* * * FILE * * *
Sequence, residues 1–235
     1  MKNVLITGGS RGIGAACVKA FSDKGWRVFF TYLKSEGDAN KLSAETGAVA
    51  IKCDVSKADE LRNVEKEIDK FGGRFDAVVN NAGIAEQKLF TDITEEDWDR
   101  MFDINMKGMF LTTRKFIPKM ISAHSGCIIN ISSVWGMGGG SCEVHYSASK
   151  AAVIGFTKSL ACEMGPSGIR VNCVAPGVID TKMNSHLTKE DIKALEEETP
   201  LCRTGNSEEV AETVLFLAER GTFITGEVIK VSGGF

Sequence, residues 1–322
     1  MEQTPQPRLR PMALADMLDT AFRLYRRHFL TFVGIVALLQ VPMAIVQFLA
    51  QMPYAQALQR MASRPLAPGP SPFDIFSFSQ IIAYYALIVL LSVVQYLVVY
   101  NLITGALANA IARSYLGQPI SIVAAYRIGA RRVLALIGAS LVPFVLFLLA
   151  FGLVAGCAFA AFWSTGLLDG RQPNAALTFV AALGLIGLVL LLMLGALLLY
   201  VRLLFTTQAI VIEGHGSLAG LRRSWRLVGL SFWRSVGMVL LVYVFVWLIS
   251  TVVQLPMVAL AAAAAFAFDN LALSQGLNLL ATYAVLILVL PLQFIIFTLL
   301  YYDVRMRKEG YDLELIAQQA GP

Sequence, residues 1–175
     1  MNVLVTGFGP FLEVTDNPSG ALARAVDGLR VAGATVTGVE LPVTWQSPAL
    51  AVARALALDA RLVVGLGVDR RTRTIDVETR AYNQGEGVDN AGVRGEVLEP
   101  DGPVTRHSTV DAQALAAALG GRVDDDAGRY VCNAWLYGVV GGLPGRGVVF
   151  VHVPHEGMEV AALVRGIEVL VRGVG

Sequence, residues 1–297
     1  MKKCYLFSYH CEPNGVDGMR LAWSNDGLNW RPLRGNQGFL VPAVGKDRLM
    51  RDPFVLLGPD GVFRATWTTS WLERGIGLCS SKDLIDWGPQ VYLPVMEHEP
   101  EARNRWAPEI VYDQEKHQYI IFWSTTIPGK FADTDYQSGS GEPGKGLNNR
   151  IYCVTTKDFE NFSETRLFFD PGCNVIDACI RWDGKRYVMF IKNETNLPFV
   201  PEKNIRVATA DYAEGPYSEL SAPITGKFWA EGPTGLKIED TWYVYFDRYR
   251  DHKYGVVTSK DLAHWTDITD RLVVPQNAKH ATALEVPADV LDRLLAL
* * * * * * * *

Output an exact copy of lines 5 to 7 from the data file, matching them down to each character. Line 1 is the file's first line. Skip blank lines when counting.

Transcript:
   151  AAVIGFTKSL ACEMGPSGIR VNCVAPGVID TKMNSHLTKE DIKALEEETP
   201  LCRTGNSEEV AETVLFLAER GTFITGEVIK VSGGF

Sequence, residues 1–322